Anna Lee’s life accelerated after 9/11. The chef who had spent her entire life in New York City decided to escape for Philadelphia after the tragedy, where she got married, had a kid, watched her mother pass away and was diagnosed with Graves’ disease.
“You have to avoid gluten, dairy, soy and corn to lessen some of the symptoms,” said the Somerton resident while sitting at a bench outside the Associated Polish Home, 9150 Academy Road.
“I found there was really nothing out there where I could go and buy these types of meals,” she said.
Graves’ disease is an autoimmune disorder that causes hyperthyroidism. The body’s immune system attacks the thyroid, which produces a hormone that affects nearly every organ in your body. With such a serious condition, Lee had to reshape much of her diet, something she was fortunate enough to know how to do with her culinary experience.
Now, she’s spreading her knowledge and passion of healthy eating to others. In April this year she launched Healthy Meals by Anna, a delivery service for health-conscious individuals and families. The foods avoid using gluten, soy, corn, grains, artificial sweeteners, preservatives and a lot more to ensure healthy meals for all customers.
The menu allows customers to peruse selections with specific conditions, such as being vegan, paleo or keto-friendly and avoiding ingredients like nuts, soy and gluten. Lee prepares her meals in the kitchen at the Associated Polish Home, where last Friday she packaged about a dozen ribeye steak meals complete with customizable sides such as mashed sweet potatoes, cauliflower or mixed vegetables.
“It’s chef-prepared meals that are a little bit more upscale than the regular meal delivery service,” Lee said. She said her meals contain 5.5 to 6 ounces of protein, whereas other meal delivery services she’s tried have provided half that amount.
The cycling menu contains entrees such as shrimp and bay scallops over dairy-free almond grits, a personal favorite of Lee’s. There are options for meat eaters, including grilled chicken, salmon and shrimp served with vegetables sides, or you can filter out meat selections and fill up on items like quinoa bowls or vegan japchae noodles.
There is also a specialized kids menu that includes parmesan-crusted chicken tenders or quesadillas with gluten-free tortillas made of rice and lentils cradling chicken, cheese and veggies.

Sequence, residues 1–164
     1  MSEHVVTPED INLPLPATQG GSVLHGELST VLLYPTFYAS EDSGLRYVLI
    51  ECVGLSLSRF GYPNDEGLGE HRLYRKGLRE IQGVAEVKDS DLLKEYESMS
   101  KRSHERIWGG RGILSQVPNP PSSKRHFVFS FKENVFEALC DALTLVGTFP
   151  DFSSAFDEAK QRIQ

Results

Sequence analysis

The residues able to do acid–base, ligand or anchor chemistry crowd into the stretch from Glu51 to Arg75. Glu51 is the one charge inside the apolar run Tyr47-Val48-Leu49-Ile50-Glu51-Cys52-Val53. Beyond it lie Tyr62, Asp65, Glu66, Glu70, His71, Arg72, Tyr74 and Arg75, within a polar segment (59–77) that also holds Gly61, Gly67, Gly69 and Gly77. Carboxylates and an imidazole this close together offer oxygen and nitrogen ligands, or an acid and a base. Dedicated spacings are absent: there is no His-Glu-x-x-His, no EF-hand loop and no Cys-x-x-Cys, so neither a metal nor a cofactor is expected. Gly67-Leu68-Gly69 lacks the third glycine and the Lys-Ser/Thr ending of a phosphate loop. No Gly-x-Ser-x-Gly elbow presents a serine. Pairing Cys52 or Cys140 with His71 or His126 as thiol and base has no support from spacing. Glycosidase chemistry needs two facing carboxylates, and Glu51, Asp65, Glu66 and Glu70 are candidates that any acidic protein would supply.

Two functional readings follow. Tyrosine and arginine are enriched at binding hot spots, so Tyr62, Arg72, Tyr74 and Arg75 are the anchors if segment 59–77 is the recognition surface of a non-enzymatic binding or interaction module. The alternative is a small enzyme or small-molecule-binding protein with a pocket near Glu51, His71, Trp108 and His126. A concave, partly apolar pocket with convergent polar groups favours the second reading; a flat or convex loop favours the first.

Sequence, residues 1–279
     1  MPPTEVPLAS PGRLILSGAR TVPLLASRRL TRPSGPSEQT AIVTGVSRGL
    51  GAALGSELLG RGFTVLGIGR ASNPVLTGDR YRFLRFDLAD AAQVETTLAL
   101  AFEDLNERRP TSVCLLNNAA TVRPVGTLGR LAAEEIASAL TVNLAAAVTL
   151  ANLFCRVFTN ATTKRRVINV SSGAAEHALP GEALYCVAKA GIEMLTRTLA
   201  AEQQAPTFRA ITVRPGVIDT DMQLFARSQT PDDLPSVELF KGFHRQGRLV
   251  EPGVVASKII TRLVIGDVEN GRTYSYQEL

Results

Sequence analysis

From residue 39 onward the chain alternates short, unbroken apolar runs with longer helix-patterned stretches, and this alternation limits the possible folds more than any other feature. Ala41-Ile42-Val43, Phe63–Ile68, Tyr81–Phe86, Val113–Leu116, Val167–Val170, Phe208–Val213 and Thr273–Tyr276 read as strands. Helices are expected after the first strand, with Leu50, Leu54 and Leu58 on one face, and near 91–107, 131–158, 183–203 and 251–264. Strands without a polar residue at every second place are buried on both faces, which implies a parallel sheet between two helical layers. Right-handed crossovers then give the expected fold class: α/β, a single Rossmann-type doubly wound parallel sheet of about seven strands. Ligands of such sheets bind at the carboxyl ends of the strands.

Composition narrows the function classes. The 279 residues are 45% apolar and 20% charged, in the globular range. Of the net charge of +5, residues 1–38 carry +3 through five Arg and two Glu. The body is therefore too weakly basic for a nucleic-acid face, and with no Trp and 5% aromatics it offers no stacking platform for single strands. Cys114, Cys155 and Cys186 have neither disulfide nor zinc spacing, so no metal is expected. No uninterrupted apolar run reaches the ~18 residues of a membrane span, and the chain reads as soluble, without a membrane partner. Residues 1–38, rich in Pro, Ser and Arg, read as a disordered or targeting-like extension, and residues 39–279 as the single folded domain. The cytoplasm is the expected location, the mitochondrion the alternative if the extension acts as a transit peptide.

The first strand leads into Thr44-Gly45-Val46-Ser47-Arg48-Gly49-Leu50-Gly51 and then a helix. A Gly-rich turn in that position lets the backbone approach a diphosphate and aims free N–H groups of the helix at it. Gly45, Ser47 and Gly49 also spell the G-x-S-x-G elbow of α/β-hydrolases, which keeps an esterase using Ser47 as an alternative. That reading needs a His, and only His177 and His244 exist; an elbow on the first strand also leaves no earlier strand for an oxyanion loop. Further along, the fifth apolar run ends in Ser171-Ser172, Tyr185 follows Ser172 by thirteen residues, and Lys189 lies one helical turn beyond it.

“I’m building the business and customer loyalty. Customers are really appreciative, they taste the meals and they can taste the difference,” she said.
Lee’s recipes are largely her own, curated from her extensive experience in the kitchen. Growing up in Little Italy in New York City, she worked for a caterer in high school as a server when she was asked to fill in at the kitchen. She impressed her employers with the cooking skills her grandmother had imparted to her to feed her family.
“The first thing my grandmother taught me was to make rice when I was 8 years old,” she said.
Lee’s parents encouraged her to go to business school after graduating, but she wanted to study fashion design. She dropped out after her parents stopped supporting her education and found a job at St. Regis Hotel, where she gained experience plating food. She had entered the hotel without an appointment and asked for an interview, receiving one only after she showed a dismissive HR rep a portfolio of her previous work.
“I had no professional experience at that time – I was just lucky,” she said.
The chef at the hotel was very particular about the way he ran his kitchen, making Lee acquire her own professional knife set. Not having the funds for a case, she crafted her own out of an aluminum case with Styrofoam cut out to hold the knives.
Lee worked in kitchens for many years then decided to go back to school when she was getting ready one day and the building she was in shook “like a truck hit a pothole.” She turned on the news to see the smoke billowing out of the Twin Towers on Sept. 11, 2001.
“They said they were looking for blood donations, so I went out,” Lee said. She recalled the blank stares of other people walking in the street on her way there.
They were out of materials to donate when she arrived, but decided to stay on the site to help serve food on Ground Zero while the site was still smoking. Stouffer donated frozen meals to heat up for rescue workers. Lee said she worked from midnight to 9 a.m. the next day.
It was that experienced that spurred her move to Philadelphia, where she first lived in Manayunk before finally settling in the Northeast after meeting her husband.
Now raising a family, Lee decided a meal delivery service was the smarter option than opening a restaurant because it gave her schedule more flexibility and delivery services are becoming more popular time-saving options.
Meals are delivered all across Philadelphia and surrounding areas. Customers can purchase meals a la carte or select specific plans, with increasing discounts the higher the number of meals purchased. To learn more about the menu and pricing options, head to healthymealsbyanna.com.